Home visits have also become popular across many school districts as another way to better connect with families. Often, teachers are taught to use the visit as a time to build relationships, not to discuss academic performance or student behavior issues.

That’s not the case at Aurora Central. Principal De La Garza said it is just about taking the parent-teacher conference to the parent’s home. And teachers have been trained on how to have those conversations, he said.

The innovation plan didn’t mention removing conference nights, however.

De La Garza said that’s because parent-teacher conferences are still an option. If parents want to request a conference, or drop by on Fridays to talk to teachers, they still can.

Those Fridays when students end classes early are also the days teachers are expected to make house calls to contact families.

Teachers are expected to reach a certain number of families each Friday, though school and district staff could not provide that exact number.

Bruce Wilcox, the president of the Aurora teachers union, said that it’s important to better engage families, but that balance is needed so not all of the responsibility is put on teachers who are already busy.

Wilcox said he would also worry about teachers having less access to resources, such as translators, during home meetings.

Maria Chavez, a mother of a freshman at Aurora Central, just had a home visit last week. She learned about the school’s strategy when she was called about setting up the visit.

Another, older daughter, was the interpreter during the home meeting with three teachers.

“For me, it was a nice experience,” Chavez said. “As parents, and even the kids, we feel more trust with the teachers.”

Chavez said she goes to parent-teacher conferences with her elementary-aged daughter, but doesn’t always have time for conferences with her high-school-aged daughter, so the home visit was convenient. Chavez also said she was able to ask questions, and said the teachers were able to answer her concerns.

“Maybe I wouldn’t say this should be how every conference happens,” she said, “but it is a good idea.”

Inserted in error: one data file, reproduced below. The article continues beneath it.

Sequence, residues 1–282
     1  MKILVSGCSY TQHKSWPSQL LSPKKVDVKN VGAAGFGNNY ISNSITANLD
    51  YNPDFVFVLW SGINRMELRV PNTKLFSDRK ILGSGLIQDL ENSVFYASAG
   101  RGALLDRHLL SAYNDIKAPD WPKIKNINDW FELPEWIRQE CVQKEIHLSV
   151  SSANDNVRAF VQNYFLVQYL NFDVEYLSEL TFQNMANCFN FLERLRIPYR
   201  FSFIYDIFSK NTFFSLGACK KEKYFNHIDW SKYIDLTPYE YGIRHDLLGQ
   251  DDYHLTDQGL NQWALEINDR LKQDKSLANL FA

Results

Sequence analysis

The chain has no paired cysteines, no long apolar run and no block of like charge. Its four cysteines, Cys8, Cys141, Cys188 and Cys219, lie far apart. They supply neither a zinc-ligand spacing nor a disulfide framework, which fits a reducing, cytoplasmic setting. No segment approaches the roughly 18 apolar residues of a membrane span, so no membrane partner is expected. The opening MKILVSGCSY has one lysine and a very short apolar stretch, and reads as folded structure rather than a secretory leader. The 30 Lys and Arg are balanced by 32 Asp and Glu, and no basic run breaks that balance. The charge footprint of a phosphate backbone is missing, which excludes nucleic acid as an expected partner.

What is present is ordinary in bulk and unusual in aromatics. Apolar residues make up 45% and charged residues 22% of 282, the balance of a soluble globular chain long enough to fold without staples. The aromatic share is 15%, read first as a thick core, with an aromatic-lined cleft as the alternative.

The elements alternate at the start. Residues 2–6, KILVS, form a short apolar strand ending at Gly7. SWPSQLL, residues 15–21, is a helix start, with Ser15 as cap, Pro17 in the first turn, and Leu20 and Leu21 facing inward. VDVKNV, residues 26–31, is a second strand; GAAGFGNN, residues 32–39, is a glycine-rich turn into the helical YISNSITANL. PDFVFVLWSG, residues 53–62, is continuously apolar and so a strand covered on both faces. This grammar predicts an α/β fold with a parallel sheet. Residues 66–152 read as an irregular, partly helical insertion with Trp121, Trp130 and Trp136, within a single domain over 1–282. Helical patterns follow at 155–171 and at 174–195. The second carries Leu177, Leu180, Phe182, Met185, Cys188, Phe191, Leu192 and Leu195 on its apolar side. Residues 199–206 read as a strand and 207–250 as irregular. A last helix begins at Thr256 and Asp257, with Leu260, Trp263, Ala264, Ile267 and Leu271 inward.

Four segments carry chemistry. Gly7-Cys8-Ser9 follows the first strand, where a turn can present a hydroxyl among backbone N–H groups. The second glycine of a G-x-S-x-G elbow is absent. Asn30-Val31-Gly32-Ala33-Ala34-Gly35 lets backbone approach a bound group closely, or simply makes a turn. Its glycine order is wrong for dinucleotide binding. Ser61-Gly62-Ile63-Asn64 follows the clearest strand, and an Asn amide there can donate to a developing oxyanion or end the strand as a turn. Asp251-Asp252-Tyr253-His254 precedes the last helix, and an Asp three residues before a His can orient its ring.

How I Teach

How this Colorado drama teacher gets to know her students with a 20-second exercise

One of Kelly Jo Smith's students with her project on theater design.

How do teachers captivate their students? Here, in a feature we call How I Teach, we ask educators who’ve been recognized for their work how they approach their jobs. You can see other pieces in this series here.

Kelly Jo Smith, an English, speech, and drama teacher at La Junta Junior/Senior High School in southeastern Colorado, got her start in the arts with a directing gig in fifth grade.

Today, she hopes to spark her students’ creativity the way her own teachers did when she was in school.

Smith talked to Chalkbeat about why she loves teaching her gifted and talented theater class, what she’s learned from watching colleagues teach, and how one mother’s words stayed with her.

Smith is one of 20 educators who were selected to serve on the state’s Commissioner’s Teacher Cabinet. The group provides input to officials at the Colorado Department of Education on the impact of education policies in the classroom.

This interview has been condensed and lightly edited.

Why did you become a teacher?

I grew up playing school, helping others with projects, and directing shows, so I think it was instinctual. I was allowed to write and direct my first play in fifth grade, so my love of theater has been lifelong.

I attended Truman State University in Kirksville, Missouri, and received my bachelor’s degree in theater and communication with a minor in English. But I really think it was my high school teachers that had the biggest effect on my life. In everything from drama to band, I thrived and got to test and hone my creative side.

What does your classroom look like?
I decided a long time ago that if I was going to spend so much time at school (and what teacher doesn’t) I wanted my classroom to be cheerful and comfortable. My classroom has posters, student work, pictures — almost every inch of it is covered. I have a portfolio section where students keep their written work to show during conferences and “Student Center” where students can turn in work and pick up makeup work. The carpeted floor makes it easy to move groups to the floor as a way to meet several learning needs.